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Figure 1. TRAIL suppressed neuroinflammation and T cell reactivity to neuroantigen in mice with experimental autoimmune encephalomyelitis (EAE). C57BL/6 mice were immunized by an s.c. injection with 200 µg the myelin oligodendrocyte glycoprotein (MOG)35–55 peptide emulsified in CFA containing 500 µg heat-killed Mycobacterium tuberculosis H37RA on day 0. Pertussis toxin, at 250 ng per mouse, was i.p. injected on the day of immunization (day 0) and 24 h later (day 1). From 48 h postimmunization (day 2), mice were treated with either vehicle (200 µl/mouse/day, i.p.) or TRAIL (100 µg/mouse/day, i.p.). (A) Mice were monitored daily for clinical paralysis, and the daily mean clinical score ± SD is presented for each group (n = 15 in each group). Statistics were calculated by the two way ANOVA test. (B) Spinal cords were isolated and examined histologically from control and EAE mice treated with the vehicle or TRAIL on day 30 after immunization. Cross-sections of paraffin-embedded spinal cords were stained with hematoxylin and eosin (H&E) and an anti-CD3 immunohistochemical antibody. Staining is representative of sections taken from five mice per group. Arrows indicate inflammatory cells. Arrow heads indicate CD3+ T cells. (C) Lymph node (LN) and central nervous system (CNS) mononuclear cells were isolated from control and EAE mice treated with vehicle or TRAIL on day 30 after immunization and restimulated with MOG35–55 (20 µg/ml) for 24 h. MOG35–55-activated interleukin (IL)-17 (red) and interferon (IFN)-γ (blue) responses were analyzed by a dual color ELISPOT assay. Representative figures of each group are shown (upper panel), and the frequency of MOG35–55-activated IL-17 and IFN-γ secretion was quantified as spot-forming cells per 5 × 105 cells (lower panel). **p < 0.01 by non-parametric Mann–Whitney U-test. Data are representative of at least six independent experiments. (D) LN and CNS mononuclear cells were isolated from EAE mice treated with the vehicle or TRAIL on day 30 after immunization and restimulated with phorbol 12-myristate 13-acetate/ionomycin in the presence of GolgiSTOP for 5 h. IL-17 and IFN-γ production by LN and CNS CD4+ cells was measured by intracellular cytokine staining. Data are representative of three independent experiments, each using pools of three mice for each group (left panel). Percentages of CD4+ IL-17+ and CD4+IFN-γ+ cells were quantified (right panel). **p < 0.01 by non-parametric Mann–Whitney U-test.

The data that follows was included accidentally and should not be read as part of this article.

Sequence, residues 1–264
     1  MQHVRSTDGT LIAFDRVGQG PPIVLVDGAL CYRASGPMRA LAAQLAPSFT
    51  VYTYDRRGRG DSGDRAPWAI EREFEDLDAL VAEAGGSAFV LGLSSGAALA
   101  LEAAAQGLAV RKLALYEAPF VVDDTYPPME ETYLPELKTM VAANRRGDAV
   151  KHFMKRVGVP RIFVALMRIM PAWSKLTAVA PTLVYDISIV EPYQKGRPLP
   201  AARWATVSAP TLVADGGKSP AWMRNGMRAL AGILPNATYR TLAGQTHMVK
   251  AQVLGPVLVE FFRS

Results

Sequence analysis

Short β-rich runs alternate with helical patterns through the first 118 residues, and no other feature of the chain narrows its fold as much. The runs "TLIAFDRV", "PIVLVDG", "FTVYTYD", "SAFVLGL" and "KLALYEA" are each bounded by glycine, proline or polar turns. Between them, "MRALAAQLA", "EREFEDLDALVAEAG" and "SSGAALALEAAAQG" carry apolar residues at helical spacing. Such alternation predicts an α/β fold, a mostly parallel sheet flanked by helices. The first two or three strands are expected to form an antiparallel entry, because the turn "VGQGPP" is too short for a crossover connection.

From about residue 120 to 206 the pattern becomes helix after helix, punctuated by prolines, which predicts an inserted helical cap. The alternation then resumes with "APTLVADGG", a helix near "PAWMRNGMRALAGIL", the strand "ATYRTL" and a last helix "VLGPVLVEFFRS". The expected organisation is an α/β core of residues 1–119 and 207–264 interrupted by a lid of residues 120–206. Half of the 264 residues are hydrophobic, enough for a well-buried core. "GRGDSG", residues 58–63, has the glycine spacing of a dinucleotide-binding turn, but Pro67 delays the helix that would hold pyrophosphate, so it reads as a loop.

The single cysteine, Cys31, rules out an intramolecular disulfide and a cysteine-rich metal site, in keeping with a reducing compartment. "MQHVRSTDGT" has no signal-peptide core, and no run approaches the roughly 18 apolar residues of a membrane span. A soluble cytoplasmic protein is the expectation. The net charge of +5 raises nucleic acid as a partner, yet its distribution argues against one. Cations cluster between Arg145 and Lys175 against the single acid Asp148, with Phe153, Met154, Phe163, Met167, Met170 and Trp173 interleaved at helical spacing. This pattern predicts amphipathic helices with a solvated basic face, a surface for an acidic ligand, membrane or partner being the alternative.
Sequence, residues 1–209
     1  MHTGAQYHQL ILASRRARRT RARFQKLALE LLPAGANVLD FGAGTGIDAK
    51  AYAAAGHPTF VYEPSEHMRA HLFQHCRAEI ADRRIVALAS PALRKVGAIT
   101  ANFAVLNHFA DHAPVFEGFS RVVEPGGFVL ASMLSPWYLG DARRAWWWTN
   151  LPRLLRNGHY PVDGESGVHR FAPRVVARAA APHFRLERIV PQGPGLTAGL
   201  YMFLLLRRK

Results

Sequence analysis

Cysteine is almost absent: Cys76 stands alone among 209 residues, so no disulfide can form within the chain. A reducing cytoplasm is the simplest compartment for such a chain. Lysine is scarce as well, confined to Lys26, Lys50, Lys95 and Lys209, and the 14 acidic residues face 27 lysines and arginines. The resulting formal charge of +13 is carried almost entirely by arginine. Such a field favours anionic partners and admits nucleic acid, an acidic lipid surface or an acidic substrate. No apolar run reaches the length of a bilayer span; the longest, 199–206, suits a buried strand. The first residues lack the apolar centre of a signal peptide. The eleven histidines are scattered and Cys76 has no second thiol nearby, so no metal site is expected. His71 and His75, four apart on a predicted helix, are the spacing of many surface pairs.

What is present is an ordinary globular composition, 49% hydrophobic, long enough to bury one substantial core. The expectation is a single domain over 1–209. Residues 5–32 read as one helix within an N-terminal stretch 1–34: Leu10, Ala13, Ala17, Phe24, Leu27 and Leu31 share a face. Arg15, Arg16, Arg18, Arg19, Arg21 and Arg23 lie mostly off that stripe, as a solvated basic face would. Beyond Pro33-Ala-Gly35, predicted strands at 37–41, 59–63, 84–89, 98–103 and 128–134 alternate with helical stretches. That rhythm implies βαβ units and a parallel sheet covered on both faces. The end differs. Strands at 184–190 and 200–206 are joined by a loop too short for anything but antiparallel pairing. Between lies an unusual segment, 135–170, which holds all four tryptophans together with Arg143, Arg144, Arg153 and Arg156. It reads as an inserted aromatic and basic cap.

Suppression of Neuroinflammation by TRAIL Is Dependent on TRAIL-R Signaling

To confirm that the suppression of neuroinflammation by TRAIL was dependent on TRAIL/TRAIL-R interaction, we further investigated TRAIL-induced anti-inflammatory effects in the EAE model using TRAIL-R KO mice. Results illustrated in Figure 2A demonstrated that more-rapid onset and enhanced disease severity score developed in TRAIL-R KO mice in which EAE was induced compared to those in WT mice. Moreover, when treated with TRAIL, the anti-inflammatory effects of TRAIL were abolished in TRAIL-R KO mice (Figure 2B). All these results indicate that TRAIL-mediated suppression of neuroinflammation in EAE is dependent on TRAIL-R signaling.

FIGURE 2